Opinion: Malone Voices Matter: Part 2 Examining a candidate

 

Continued from April 11’s part one

Last week I wrote about the presidential election. This week it is all about one candidate and the multitude of problems that come with the topic: Donald Trump.

Donald Trump has little knowledge about and experience in government and political policies. During a recent CNN town hall interview with Anderson Cooper, Trump was asked to name what he thought were the top three functions of the U.S. government. Trump settled on security, healthcare and education, to which Cooper asked why he wanted the federal government involved in education, “Don’t you want it to devolve to states?”.

A contradicting Trump agreed.

This kind of flip-flopping might seem harmless, but how about when it’s on an issue involving foreign policy and nuclear weapons?

In a recent interview with The New York Times, Trump said he would be open to Japan’s and South Korea’s development of independent nuclear programs rather than a dependence on the United States arsenal. He also favored a withdraw of U.S. forces in both nations unless their governments paid for  troop housing and feeding.

Japan’s Prime Minister Shinzo Abe publicly stated it is “impossible” that Japan will develop nuclear weapons despite the intimate Japan-U.S. alliance. Japan is the only country to have felt the devastating effects of a nuclear weapon and maintains a non-nuclear policy.

Back in December, Rolling Stone asked Trump about our nuclear triad, and the article claimed Trump was unable “to muster ten remotely sensible words about what he would do as president with the most destructive collection of weapons in the history of mankind.” The publication called this an automatic disqualification for the Oval.

And these are only a few examples from a long list demonstrating Trump’s ignorance. And this is just one reason among many to look to other candidates.

Consider race relations. Trump suggested this summer that Hispanic and Latino immigrants constitute a criminal class of rapists and murders. Trump advocates violating the civil rights of Muslim Americans by putting them on a federal enemies list. Trump uses eliminationist rhetoric to gin up violence against “illegal immigrants” and “Muslims” who may be “terrorists,” a Salon article discussed in relation to Trump’s rhetoric.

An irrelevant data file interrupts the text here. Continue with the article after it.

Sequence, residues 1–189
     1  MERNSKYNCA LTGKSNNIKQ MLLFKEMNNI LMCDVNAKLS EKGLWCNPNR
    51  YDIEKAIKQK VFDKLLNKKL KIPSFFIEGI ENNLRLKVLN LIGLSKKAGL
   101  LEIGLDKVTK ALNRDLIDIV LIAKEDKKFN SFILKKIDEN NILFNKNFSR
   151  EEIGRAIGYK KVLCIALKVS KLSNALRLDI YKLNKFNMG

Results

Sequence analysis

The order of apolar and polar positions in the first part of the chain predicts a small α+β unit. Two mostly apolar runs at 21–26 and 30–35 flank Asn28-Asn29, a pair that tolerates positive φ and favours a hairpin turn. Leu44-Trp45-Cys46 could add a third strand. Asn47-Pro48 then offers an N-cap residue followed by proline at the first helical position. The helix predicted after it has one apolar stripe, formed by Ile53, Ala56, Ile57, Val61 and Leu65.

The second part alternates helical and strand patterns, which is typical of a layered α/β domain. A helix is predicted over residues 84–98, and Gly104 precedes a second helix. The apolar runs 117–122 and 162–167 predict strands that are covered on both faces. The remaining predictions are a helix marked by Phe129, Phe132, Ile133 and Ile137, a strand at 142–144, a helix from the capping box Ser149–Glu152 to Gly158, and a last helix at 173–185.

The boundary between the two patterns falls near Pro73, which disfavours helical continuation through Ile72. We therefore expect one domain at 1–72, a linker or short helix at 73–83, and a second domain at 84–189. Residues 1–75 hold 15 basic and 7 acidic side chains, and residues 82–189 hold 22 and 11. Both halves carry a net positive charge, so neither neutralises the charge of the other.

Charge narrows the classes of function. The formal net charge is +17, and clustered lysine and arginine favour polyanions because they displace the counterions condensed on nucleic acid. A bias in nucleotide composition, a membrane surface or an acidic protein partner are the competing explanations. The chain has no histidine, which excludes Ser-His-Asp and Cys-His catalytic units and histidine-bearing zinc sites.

On top of all of this, Trump has received the support of a former KKK leader. His rhetoric is enough for a prominent white supremacist to get behind.

Trump has also spoken unsparingly of women with comments degrading female candidates based solely on appearance and attributing career success to physical beauty alone. IBT Times has compiled a list of the top 40 most sexist Trump quotes online. Just remember these are the words of someone running for the highest position in the country.

This is just an introduction to problems with Trump. What about his condoning and encouraging violence at his rallies? Calling the military to kill/torture the families of militants who threaten the U.S.? His failed business ventures in Trump Airlines, Magazine, Casino, and more?

All in all, it’s up to you to listen, research and engage in this election process. This provides you with examples of Trump’s words and actions, but maybe the real problem is convincing people that these words and actions are wrong. Ask yourself, is this just some casual, needed “political incorrectness?” Or is this a candidate saying some pretty awful, indecent, inhumane things? Your voice is what will determine what exactly will “make America great again.”

 

Rachel Pelletier is a Staff Writer for The Aviso

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